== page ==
Darla LEGG and Jason T. Legg, on Behalf of Themselves and All Persons Similarly Situated, Appellees, v. WEST BANK, Appellant.
In this interlocutory appeal, we are asked to determine whether the district court properly certified a class action based on the plaintiffs' usury and sequencing claims involving one-time nonsufficient fund (NSF) fees charged by the bank. This case is a companion case to another opinion we file today, Legg v. West Bank, ––– N.W.2d ––––, ––– (Iowa 2016). Because we concluded in that case that the district court erred in denying the bank's motions for summary judgment except as to the good-faith claim involving the sequencing of overdrafts, we likewise find that the district court erred in certifying the class action on all claims except for the good-faith claim based on sequencing.
I. Background Facts and Proceedings.
Because the background facts and proceedings are the same in both cases, we incorporate them here by reference.
II. Standard of Review.
“Our review of the district court's ruling granting or denying certification of a class action is limited because the district court enjoys broad discretion in the certification of class action lawsuits.” Vos v. Farm Bureau Life Ins. Co., 667 N.W.2d 36, 44 (Iowa 2003). We reverse a district court's ruling granting certification only if we find the decision was based upon an abuse of discretion. Kragnes v. City of Des Moines, 810 N.W.2d 492, 498 (Iowa 2012). An abuse of discretion is found only when the district court's grounds for certifying a class action are clearly unreasonable. Anderson Contracting, Inc. v. DSM Copolymers, Inc., 776 N.W.2d 846, 848 (Iowa 2009). “Our class-action rules are remedial in nature and should be liberally construed to favor the maintenance of class actions.” Id. (quoting Comes v. Microsoft Corp., 696 N.W.2d 318, 320 (Iowa 2005)).
III. Class Action Status.
West Bank challenged the district court's certification of class action status on both the usury and sequencing subclasses. It raised challenges to class action status under both the Iowa Consumer Credit Code (ICCC) and the Iowa Rules of Civil Procedure. One of the challenges West Bank made to the usury subclass arose under Iowa Code section 537.5201 (2009), part of the ICCC. Because we found in the companion case that the usury claims could not proceed under the ICCC, we likewise choose not to address the arguments against class action status that arise under the ICCC in this opinion.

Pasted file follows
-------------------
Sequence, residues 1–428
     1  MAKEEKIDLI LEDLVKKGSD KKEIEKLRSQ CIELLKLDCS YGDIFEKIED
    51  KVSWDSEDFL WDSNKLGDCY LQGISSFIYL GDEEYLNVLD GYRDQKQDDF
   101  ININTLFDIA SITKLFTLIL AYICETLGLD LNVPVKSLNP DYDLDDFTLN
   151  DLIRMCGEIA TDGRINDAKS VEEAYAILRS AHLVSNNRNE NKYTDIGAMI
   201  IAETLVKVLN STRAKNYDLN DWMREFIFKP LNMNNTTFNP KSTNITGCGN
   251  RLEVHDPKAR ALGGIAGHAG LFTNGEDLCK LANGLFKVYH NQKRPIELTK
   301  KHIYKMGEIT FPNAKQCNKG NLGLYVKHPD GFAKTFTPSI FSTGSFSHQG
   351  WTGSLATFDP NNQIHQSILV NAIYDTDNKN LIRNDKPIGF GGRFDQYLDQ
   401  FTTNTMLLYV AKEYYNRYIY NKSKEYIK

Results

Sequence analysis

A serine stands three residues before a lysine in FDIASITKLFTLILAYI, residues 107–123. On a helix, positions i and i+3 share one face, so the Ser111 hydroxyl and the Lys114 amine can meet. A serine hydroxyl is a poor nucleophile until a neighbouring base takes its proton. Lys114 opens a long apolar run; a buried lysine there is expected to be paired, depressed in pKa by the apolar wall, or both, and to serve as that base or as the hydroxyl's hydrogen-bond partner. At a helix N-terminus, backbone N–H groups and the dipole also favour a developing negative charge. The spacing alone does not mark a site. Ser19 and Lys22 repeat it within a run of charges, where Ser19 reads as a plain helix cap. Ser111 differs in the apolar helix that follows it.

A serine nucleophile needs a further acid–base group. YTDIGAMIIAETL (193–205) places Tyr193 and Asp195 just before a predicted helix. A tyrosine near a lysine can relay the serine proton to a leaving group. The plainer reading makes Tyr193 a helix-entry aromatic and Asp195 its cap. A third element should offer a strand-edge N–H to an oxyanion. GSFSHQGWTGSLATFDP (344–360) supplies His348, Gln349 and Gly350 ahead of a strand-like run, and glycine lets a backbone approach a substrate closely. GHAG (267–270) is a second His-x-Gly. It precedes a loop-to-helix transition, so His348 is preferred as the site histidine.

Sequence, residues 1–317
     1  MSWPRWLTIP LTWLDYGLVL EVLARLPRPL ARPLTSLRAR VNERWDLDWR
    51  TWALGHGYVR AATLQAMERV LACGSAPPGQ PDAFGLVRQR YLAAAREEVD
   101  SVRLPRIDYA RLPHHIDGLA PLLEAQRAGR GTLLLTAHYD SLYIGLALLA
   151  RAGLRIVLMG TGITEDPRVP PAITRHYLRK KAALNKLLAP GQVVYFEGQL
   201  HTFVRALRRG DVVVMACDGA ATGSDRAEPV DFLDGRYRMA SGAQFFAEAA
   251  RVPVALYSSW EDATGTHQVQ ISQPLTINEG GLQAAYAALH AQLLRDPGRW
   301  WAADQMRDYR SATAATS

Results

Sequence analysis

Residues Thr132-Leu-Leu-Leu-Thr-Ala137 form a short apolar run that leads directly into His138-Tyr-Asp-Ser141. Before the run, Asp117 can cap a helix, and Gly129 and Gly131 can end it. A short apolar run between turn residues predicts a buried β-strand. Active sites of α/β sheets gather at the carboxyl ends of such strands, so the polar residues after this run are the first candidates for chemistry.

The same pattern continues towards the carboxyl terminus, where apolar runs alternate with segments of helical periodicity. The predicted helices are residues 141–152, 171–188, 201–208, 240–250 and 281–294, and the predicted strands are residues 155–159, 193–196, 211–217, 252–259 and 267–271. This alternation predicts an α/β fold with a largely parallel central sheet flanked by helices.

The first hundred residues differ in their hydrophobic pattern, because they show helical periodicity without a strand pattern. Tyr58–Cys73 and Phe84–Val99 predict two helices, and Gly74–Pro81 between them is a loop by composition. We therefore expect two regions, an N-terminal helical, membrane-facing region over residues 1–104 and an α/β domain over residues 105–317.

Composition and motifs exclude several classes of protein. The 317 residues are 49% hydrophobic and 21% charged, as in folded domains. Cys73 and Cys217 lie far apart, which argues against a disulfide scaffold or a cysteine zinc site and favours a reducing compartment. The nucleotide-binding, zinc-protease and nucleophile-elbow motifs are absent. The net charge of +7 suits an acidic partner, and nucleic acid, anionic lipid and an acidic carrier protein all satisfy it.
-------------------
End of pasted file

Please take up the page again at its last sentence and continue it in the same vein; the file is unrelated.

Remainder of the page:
Iowa Rules of Civil Procedure 1.261 and 1.262 govern the commencement of a class action and the certification of a class. Rule 1.261 provides that:
One or more members of a class may sue or be sued as representative parties on behalf of all in a class action if both of the following occur:
1.261(1) The class is so numerous or so constituted that joinder of all members, whether or not otherwise required or permitted, is impracticable.
1.261(2) There is a question of law or fact common to the class.
Iowa R. Civ. P. 1.261.
Our rules require the class to be “either so numerous or constituted in such a way that joinder is impracticable and there is a question of law or fact common to the class.” Anderson Contracting, 776 N.W.2d at 848. We have “adopted the general rule ․ that if the class is large, numbers alone are dispositive to show impracticability.” City of Dubuque v. Iowa Trust, 519 N.W.2d 786, 792 (Iowa 1994). A class with forty or more members is within the range where impracticability is presumed. Id. As noted by the district court in its ruling, West Bank has conceded numerosity is satisfied.
The second prong under rule 1.261 requires a “question of law or fact common to the class,” sometimes referred to as “predominance.” Iowa R. Civ. P. 1.261. Predominance or commonality asks whether the class members have common issues that predominate over individual issues. Anderson Contracting, 776 N.W.2d at 852. The test for predominance or commonality